The Farmhouse's Ale
Memories of Argentina will forever drown me in the Impressional blur visioned through the bottom of a tumbler looking up at the dim bar light; then, with that image in mind, out the door into a warm evening or an incredibly frigid night, wearing a thick wool jacket, the rush of comfort and deep meaning overwhelm in inexplicable ebullience. Argentina is a feeling for me. A good one. And I carry it as the Ford Ranger that carried us into the country: along winding roads; up steep switchbacks appearing to end catastrophically; climbing through quiet no man’s land under moonlight reflecting on ancient glaciers. I looked back at Chile to say farewell. The landscape slowly turned from mountains to hills to rolling plains and finally to the piedmont, at the foot of the giants, where one looks west and sees the sun setting behind the elevated horizon hours before it would on the other side. The arid landscape was noticeable even in the middle of the night, and I alternated between staring out the window and reading a book until finally I fell asleep. I woke up to a change in the consistent flow of driving. A stuttering pattern indicated we were entering a town and approaching our destination: Nikko's house and our bed for the next three nights.
I should add, we found this place through Couch Surfing, which made the border crossing a little sporty. Our explanation to the border agent illustrates the boldness of the maneuver:
Border Agent (to Niko): "How do you know these Gringos?"
Nikko: "We met in person for the first time a few hours ago and met originally on this web site where strangers open their homes free of charge to other strangers. The Gringos happened to be in Santiago and I happened to be in Valparaiso for New Years. They messaged me on Couch Surfer - the aforementioned, ridiculous website - and I told them they should just cram into my Ford Ranger and stay with me afterwards. Now we're here."
Border Agent: (One eyebrow raise to incredible heights) "Ok..."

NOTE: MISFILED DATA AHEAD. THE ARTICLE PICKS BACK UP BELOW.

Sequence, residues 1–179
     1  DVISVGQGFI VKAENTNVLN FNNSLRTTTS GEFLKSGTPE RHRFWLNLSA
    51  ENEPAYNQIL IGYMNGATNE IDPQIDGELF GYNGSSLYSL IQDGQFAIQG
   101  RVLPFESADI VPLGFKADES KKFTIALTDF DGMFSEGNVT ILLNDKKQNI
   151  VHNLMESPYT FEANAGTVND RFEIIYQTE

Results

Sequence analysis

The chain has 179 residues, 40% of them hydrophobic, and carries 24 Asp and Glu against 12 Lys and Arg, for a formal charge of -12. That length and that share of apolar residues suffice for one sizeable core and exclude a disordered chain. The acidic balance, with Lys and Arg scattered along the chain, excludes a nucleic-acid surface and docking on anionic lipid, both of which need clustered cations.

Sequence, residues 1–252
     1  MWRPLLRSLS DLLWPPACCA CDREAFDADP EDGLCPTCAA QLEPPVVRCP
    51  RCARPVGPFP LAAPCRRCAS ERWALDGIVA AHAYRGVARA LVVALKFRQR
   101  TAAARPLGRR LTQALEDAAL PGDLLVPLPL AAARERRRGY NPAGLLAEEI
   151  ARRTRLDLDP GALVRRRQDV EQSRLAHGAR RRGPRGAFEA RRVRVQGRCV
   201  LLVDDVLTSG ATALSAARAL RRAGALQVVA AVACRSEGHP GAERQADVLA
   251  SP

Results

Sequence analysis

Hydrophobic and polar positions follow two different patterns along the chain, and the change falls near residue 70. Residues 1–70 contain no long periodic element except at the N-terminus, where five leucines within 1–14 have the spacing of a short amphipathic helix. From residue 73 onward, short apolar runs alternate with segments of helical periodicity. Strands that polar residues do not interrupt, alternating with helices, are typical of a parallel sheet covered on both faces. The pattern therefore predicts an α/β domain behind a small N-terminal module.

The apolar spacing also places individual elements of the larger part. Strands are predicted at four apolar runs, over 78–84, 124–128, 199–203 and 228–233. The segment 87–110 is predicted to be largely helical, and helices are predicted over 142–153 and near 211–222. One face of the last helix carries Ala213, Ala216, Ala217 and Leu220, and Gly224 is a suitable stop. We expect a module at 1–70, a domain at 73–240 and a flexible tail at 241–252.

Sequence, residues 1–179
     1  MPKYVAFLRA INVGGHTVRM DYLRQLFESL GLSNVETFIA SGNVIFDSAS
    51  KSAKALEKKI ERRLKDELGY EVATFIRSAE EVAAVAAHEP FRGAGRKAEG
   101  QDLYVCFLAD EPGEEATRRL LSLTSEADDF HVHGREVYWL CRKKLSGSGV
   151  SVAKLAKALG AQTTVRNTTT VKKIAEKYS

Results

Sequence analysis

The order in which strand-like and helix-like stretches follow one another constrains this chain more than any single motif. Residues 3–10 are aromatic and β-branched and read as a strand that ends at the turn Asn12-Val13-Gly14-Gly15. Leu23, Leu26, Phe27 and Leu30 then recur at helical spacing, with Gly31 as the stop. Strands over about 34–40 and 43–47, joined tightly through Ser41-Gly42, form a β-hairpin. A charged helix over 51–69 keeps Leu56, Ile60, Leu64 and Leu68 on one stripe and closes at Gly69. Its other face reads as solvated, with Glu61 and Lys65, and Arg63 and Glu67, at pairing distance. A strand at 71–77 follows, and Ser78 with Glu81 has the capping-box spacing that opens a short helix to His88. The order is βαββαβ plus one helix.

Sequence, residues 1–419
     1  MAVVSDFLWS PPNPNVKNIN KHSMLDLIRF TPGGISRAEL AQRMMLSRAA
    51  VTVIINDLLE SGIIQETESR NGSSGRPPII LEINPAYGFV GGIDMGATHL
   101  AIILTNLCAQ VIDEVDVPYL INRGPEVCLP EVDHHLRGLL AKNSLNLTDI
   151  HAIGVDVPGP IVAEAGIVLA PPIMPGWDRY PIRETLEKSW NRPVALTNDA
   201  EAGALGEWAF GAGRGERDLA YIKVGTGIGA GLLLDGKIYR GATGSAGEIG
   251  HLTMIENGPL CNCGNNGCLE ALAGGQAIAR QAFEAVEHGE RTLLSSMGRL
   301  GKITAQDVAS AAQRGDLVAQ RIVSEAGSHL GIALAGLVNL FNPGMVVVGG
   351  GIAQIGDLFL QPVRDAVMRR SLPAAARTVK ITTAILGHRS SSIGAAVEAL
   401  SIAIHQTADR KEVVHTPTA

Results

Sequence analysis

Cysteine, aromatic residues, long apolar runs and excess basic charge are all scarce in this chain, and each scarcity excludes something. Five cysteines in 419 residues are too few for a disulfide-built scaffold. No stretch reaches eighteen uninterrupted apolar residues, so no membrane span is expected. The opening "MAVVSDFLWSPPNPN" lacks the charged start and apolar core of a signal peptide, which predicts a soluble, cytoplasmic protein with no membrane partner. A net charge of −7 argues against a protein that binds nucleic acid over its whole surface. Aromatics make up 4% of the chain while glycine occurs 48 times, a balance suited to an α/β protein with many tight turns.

Nikko: "Here are the messages." (Shows border agent the messages on the Couch Surfing website).
Border Agent: "Looks good. Enjoy Argentina."
Nikko's place was in a town named Tunuyan about forty miles south of Mendoza. His house, recently built by his father, contained two bedrooms, one bathroom, and a small living room/kitchen/atrium/extra bedroom area. The actual spare room was ours: a single mattress on the ground...oh yes, the adventure continues. Every Couch Surf is a different experience; this was no exception. We took out our sleeping bag liners and prepared the room for sleeping. I spread a sleeping bag and thick wool blanket I found in the room as a makeshift mattress and gave Sara the actual mattress. The room was toasty from a series of summer days nearing 100 degrees, but the night was cool and with the window open and our door open it eventually cooled off. Our fatigue made the temperature irrelevant that night. Things were going to be okay - although, Sara's reaction was similar to someone opening a terrible Christmas gift (jello mold comes to mind), and I thought she was going to cry for a moment -and I reassured her that if things turned out poorly we could always figure out another option; however, we survived and thrived and made a few friends along the way.